Thursday, March 31, 2016

An Earthlike Planet

The press is full of the news that a new Earthlike planet, Kepler 452b, has been discovered by the revived Kepler planet-hunting spacecraft.  The discovery of a planet “much like Earth” garners more attention because the planet orbits in the so-called “Goldilocks zone” around its star, the range of distances within which water can exist as a liquid on its surface rather than only as ice or hot vapor.

Kepler 452b is 60% larger in diameter than Earth and is presumed to have Earthlike composition, although it is important to note that there is as yet no way of measuring its mass.  Nonetheless, the phrase “Earthlike world” has the press reeling, including suggestions that worlds like this are the places radio astronomers should look to find radio signals from intelligent aliens.

OK, let’s play this game and see what Earthlike composition would imply.  A diameter of 1.6 times Earth’s means a surface area of 1.6x1.6, or 2.56 times Earth’s, and a volume of 1.6x2.56, or 4.1 times Earth’s.  Assuming Earthlike material, this planet would have a core/mantle/crust structure very similar to Earth’s, but the internal pressures would of course be significantly higher, and the core and mantle material must be compressed to higher density than Earth’s average of 5.5 grams per cubic centimeter, probably close to 7.5 for the whole planet.  Now, that would generate a planet with 5.6 times Earth’s mass.  This mass and diameter would correspond to a surface gravity that is 5.6/2.56 times Earth, 2.18 times as large, or 21.4 meters/second2. 

“Similar composition” means similar abundances of radioactive elements, which decay inside the planet and eventually lose their heat by radiating heat from the planetary surface into space.  This planet, generating 5.6 times as much heat as Earth, which it radiates into space through a surface with area 2.56 times Earth’s, so the heat flux (Watts per square meter per second) is about 2.2 times Earth’s.  At steady state, with heat loss rate equal to heat production rate, this requires that the temperature gradient in the crust (the rate at which temperature increases with depth) must be 2.2 times as large as on Earth.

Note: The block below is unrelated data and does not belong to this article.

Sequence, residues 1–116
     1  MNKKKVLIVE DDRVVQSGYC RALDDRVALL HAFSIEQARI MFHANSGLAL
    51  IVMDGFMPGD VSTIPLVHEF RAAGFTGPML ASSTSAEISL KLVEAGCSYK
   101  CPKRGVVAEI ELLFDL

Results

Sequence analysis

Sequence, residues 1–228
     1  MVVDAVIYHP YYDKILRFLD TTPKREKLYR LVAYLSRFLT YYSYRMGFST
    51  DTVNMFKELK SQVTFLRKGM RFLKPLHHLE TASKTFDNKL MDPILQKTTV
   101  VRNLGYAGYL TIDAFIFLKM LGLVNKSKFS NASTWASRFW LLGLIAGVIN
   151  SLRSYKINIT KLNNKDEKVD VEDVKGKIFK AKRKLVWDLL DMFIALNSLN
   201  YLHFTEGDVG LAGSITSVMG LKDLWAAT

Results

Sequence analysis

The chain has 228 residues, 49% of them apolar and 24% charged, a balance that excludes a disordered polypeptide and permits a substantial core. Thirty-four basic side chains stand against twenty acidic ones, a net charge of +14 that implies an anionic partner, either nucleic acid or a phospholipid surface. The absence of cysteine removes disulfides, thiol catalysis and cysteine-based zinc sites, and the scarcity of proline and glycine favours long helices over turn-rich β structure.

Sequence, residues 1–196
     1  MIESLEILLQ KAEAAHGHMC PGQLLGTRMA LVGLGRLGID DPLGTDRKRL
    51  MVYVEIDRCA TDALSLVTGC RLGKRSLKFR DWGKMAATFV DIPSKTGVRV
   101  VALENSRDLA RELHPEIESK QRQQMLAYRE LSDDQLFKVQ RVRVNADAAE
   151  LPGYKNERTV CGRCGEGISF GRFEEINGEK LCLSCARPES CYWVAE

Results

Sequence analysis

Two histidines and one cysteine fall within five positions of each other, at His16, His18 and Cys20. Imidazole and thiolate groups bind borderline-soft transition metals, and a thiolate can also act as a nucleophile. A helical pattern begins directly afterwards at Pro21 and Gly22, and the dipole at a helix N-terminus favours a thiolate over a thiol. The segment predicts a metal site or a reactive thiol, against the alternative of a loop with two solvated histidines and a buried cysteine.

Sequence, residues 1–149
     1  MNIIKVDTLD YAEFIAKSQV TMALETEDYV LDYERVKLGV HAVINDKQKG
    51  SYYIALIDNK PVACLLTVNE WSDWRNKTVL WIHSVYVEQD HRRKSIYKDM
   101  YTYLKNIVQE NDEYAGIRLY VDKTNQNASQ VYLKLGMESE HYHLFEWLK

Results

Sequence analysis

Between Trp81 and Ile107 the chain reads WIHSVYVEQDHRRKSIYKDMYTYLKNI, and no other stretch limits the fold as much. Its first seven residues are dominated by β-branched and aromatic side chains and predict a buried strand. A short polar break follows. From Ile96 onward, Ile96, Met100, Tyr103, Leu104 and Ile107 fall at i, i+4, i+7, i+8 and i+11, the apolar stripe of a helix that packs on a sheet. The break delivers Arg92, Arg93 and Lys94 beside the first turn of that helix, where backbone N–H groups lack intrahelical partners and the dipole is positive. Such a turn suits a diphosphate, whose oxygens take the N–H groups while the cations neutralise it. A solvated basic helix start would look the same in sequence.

Mountains can build up only to a finite height because the temperature gradient under them leads to softening and melting of the continental rock deep under them.  On Earth the Himalayas rise about 13 kilometers above the abyssal plains of the oceans.  Mars has half the radius of Earth, so its heat flow and temperature gradient should be about half that of Earth, meaning that softening of the rock should occur about twice as deep, and Martian mountains should build to about twice the height as on Earth.  In fact, the highest peak on Mars, Olympus Mons, rises about 26 km above the plains.  Of course, to calculate this precisely we need to account for the slightly lower density of Mars and its slightly lower surface temperature, but we still get a similar answer. 

Now let’s apply that to Kepler 452b.  The topography, Earth’s standard scaled down by a factor of 2.2, would have the highest mountain regions about 6 kilometers above the abyssal plains.  Now let’s think about the oceans on this world.  On Earth, there is enough water to make a layer about 4 km deep covering the entire planet.  Kepler 452b, if it has the same composition as Earth, would contain 5.6 times as much water spread out over a surface area that is 2.56 times as large.  Thus it would contain enough water to make a layer 2.56 times as deep as Earth’s 4 km, or about 10.2 km deep.  Since the highest land would rise about 6 km from the abyssal plains, this means that the tops of the highest mountains would lie roughly 4 km below mean sea level.  Thus Kepler 452b, if truly Earthlike in composition, would be a true water world.

Now consider the conditions on the sea floor.  An ocean 10.2 km deep in a gravity field of 2.2 Earth gravities would exert tremendous pressure at the ocean floor: the weight of the ocean exerts an average pressure of 2240 atmospheres, which is essentially the highest pressure at which pure liquid water can exist, irrespective of temperature.  At approximately this pressure, water freezes to make dense (sinking) ice III rather than familiar (floating) ice I.  Such an ocean could start to freeze from the bottom up.

We’re also told the planet has had liquid water for 6 billion years or more, without mentioning how the luminosity of its parent star (and the surface temperature of the planet) have changed over time.

Of course, with data on the mass of the planet we could see whether it really is a “terrestrial” planet or a sort of warmed-up ice ball: if the latter is the case, then the planet could be much less dense and the ocean much deeper.

So this is “Earth 2.0”? 

If you are interested in the wonderful game of designing planets that accord with the laws of physics, astronomy, and chemistry, you can find a number of examples in my 1998 book Worlds without End, which explores the possibilities for many types of planets allowed by nature, but not present in our Solar System.

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